Fall 2016 Lectures
Humanism and Progress: Education, the Arts, and the Global Crisis
Presented by Jerry Levy
The series of lectures-discussions will examine the impact of “humanistic communities” on the enduring problems of poverty, war, and ecological disaster. We will focus on the attempts of educational and artistic communities to address those religious, cultural, class, gender, and political conflicts that appear to fuel the crises of our time.
Mondays, 10:00 a.m. to Noon
An Introduction: Biography and Research
How did Jerry’s interest in the relationship between humanism and progress evolve? Definition of terms. The nature of humanism and the contours of the crisis. How shall we proceed?
The Enigma of Education
How do schools support and constrain the humanistic impulse? How does education impact the global crisis?
Humanism and the Arts
Where do the arts take us? How do artists affect the political, economic, and cultural issues they explore? How do the internal contradictions of artistic communities relate to their humanistic agendas?
Humanism and Religion
What effect do secular religion and humanistic religion have on progress?
Humanism and Politics
How effective are humanistic communities in domestic and international politics? Is the humanistic dimension of politics adequate to the reality of the global crisis?
What Is To Be Done?
What changes might humanistic education, arts, religion, and politics consider in their attempts to address the crises of our time?
Jerry Levy taught sociology at Marlboro College from 1975 to 2014. He has been engaged in “participant observation research” on educational, artistic, religious, and political communities and their relationship to global trends for five decades. He is the author of two books on the larger implications of schools: Ghetto School—Class Warfare in an Elementary School (1970); and The Enigmatic Academy—Class, Bureaucracies, and Religion in American Education (2012, C. J. Churchill, co-author).
What Is Islamic Art?
Presented by Felicity Ratté
The tradition of art and architecture of the Islamic world provides an entry point for non-Muslims to learn about Islamic culture and history. With this larger end in view, these lectures ask how non-Muslims can make sense of the historic art and architecture of Islam, and how this sense-making might help them to understand Muslims and Islam. We’ll start our discussion with an introduction to the history of Islamic art and architecture, focusing on some key monuments including the Umayyad Mosque in Damascus, the Suleymaniye in Istanbul, and the Alhambra in Grenada.
Mondays, 1:00 p.m. to 3:00 p.m.
Introduction to Islamic Art and Architecture: Key historical events, documents and monuments from the time of the Righteous Caliphs (seventh century CE) to the present.
The Mosque and the Five Pillars of Islam: What does space tell us about practice?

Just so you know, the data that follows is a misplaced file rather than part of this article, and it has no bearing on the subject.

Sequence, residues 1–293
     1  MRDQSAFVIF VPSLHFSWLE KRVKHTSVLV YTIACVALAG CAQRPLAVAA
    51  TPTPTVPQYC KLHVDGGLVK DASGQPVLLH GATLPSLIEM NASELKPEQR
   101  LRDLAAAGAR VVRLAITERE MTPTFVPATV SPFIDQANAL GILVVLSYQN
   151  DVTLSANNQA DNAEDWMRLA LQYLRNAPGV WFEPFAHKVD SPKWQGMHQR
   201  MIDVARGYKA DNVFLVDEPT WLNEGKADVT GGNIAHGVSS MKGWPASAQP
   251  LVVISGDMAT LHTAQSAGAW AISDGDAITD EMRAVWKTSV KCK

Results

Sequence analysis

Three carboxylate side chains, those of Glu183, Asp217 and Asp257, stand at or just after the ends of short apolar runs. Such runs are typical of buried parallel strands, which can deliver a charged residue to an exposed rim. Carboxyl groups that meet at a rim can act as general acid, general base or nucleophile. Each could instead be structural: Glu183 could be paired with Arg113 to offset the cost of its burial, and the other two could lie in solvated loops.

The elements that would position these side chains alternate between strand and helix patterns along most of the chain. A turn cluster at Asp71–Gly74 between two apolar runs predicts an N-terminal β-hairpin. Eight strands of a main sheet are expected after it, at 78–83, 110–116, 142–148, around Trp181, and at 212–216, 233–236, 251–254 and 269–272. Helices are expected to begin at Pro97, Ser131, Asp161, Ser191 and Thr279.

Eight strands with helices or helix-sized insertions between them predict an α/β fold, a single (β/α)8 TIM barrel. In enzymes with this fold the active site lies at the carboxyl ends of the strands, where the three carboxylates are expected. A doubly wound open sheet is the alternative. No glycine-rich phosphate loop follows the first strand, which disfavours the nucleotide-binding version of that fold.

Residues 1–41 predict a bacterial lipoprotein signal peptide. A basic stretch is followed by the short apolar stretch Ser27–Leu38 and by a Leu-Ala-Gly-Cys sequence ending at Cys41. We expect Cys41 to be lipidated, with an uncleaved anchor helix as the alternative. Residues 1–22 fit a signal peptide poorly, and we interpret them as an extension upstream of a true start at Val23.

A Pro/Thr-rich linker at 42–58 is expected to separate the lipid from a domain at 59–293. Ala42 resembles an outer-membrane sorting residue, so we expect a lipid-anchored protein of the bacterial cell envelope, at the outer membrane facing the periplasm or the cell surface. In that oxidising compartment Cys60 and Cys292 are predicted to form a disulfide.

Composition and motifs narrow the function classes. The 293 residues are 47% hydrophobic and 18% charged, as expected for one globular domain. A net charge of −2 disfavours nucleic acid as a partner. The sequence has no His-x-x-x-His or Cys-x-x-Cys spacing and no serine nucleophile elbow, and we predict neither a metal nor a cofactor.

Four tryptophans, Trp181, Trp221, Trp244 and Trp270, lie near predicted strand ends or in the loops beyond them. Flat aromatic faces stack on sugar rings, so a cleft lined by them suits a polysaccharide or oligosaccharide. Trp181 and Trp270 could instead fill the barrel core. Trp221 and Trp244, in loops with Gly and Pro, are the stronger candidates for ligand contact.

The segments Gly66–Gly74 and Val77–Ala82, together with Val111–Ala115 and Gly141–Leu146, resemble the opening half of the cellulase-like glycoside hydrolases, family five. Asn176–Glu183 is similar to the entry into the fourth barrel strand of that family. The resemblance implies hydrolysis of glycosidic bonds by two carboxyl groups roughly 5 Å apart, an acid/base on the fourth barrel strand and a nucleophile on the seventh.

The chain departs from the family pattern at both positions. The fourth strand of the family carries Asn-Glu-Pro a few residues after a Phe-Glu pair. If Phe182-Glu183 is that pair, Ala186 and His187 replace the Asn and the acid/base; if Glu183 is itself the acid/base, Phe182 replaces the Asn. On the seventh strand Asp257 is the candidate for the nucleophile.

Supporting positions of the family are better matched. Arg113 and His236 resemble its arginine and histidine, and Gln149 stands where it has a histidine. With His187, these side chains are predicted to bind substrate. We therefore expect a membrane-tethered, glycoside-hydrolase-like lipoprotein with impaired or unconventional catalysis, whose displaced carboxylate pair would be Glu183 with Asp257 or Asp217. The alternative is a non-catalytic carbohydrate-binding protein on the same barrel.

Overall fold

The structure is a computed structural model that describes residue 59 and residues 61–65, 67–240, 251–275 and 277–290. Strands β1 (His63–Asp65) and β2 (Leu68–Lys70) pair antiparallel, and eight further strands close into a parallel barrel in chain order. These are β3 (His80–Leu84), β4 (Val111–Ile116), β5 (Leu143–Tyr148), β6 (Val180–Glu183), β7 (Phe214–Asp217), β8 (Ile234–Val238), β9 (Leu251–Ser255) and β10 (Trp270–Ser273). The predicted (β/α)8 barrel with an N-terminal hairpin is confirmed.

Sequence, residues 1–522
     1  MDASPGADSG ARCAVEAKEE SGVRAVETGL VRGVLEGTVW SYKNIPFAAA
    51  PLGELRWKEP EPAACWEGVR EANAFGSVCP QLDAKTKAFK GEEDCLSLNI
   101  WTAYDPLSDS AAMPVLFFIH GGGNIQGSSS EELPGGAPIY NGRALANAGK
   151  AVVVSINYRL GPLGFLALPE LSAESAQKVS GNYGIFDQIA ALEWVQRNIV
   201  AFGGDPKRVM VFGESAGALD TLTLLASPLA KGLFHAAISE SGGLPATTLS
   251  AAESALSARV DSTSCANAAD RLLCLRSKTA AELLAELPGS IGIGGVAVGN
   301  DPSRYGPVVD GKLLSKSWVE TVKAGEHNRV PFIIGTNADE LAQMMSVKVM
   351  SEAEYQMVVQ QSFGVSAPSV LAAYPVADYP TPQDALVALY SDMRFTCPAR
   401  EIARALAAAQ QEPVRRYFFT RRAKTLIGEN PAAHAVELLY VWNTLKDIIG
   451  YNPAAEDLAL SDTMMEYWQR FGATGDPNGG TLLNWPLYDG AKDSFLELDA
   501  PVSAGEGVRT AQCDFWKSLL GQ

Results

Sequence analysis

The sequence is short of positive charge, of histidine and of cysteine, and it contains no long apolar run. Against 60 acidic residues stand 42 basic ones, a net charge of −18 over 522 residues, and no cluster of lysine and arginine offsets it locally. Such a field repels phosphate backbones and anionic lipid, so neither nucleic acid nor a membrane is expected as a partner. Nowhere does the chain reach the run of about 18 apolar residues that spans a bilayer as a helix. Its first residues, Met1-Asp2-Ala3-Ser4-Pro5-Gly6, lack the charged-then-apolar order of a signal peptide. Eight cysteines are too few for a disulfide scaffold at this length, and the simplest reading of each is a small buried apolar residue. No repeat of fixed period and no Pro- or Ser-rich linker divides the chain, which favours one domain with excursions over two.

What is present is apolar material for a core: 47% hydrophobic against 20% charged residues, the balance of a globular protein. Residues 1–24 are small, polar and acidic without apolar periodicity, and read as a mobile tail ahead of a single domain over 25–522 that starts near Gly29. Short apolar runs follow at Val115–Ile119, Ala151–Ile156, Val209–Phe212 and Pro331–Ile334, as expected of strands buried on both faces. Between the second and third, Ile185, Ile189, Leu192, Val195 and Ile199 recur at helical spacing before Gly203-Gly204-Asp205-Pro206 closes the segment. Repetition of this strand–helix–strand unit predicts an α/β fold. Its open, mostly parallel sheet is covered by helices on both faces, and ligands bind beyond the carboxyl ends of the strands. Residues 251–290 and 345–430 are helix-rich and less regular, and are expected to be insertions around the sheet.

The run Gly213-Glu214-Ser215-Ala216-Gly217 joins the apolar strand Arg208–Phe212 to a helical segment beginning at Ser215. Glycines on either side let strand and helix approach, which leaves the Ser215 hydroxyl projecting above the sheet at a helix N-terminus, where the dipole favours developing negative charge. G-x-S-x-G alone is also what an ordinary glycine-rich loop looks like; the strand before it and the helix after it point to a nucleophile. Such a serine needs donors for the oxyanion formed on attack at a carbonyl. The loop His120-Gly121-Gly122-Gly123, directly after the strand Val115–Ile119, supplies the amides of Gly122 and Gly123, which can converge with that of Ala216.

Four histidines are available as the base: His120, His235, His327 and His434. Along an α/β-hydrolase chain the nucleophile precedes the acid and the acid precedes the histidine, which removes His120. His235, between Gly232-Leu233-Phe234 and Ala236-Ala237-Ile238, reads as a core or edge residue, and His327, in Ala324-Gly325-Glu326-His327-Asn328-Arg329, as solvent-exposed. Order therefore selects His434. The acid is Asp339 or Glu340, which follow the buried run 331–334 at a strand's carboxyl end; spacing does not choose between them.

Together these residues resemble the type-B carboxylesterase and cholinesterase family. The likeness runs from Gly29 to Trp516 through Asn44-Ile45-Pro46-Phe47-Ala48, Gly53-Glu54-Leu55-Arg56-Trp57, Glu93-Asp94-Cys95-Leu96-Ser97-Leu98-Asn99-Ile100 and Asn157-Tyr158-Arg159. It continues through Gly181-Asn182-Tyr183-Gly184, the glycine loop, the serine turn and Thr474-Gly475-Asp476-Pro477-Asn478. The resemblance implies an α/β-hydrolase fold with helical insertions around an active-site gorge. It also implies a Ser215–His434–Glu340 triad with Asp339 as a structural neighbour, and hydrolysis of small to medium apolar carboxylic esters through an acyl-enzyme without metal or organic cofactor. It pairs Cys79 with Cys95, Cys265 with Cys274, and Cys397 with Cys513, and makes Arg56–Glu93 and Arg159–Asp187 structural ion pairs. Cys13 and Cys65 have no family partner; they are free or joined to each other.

Iconoclasm and Iconophobia I: The role of figurative imagery in Islamic art before the modern era.
Iconoclasm and Iconophobia II: The role of figurative imagery in Islamic culture in the twentieth and twenty-first centuries.
Exploitation, Appropriation, and Adaptation: Islamic art and the art of Europe and the United States from the Crusades to the twentieth century.
The Museum and Islamic Art: Design, Display, and the Discourse of Culture in the Louvre, the Metropolitan Museum of Art, and the Museum of Islamic Art in Doha, Qatar.
Felicity Ratté is a member of the faculty of Marlboro College where she has taught the history of art and architecture since 1997. Since 2010 she has been studying Islamic art and architecture, and traveled to Syria, Egypt, Tunisia, and Morocco, before the Arab Spring. She holds M.A. and Ph.D. degrees from New York University’s Institute of Fine Arts.
Individual lectures are open to nonmembers for a fee of $6 per lecture. We encourage attendees to pre-register by mail so as to avoid delays at on-site check-in.
All lectures will take place at the Vermont Learning Collaborative, 471 Vermont Route 5, Dummerston. Light refreshments will be served at all lectures.
For general information on the Brattleboro OLLI chapter, please call Julie Lavorgna (802) 365-7278, or by e-mail: email@example.com.
For membership, complete the form on the site brochure and send with your $50/$80 full membership fee or $30/$50 partial membership fee (payable to “The University of Vermont”) to:
UVM OLLI Registration Office
460 South Prospect Street
Burlington, VT 05401
For information on cancellations and rescheduling, please listen to WTSA radio (96.7 FM); call (802) 257-8600 or toll-free (866) 889-0042; consult www.learningcollaborative.org; or call the organizers at (802) 387-5387 or (802) 257-7623. For general information on the Brattleboro OLLI chapter, use the first two numbers above.
The Learning Collaborative is located just north of Brattleboro on Route 5 between Vermont Exits 3 and 4 of Interstate 91. We are 1.8 miles north of the rotary at Exit 3 (Brattleboro) and 4.1 miles south of Exit 4 (Putney). Look for a single-story brick building on the west side of the road. Parking and entry are at the back of the building. Handicapped-accessible parking, ramp, and door are available on the north side of the building.
For a complete listing of all programs, see our listing in a pdf format.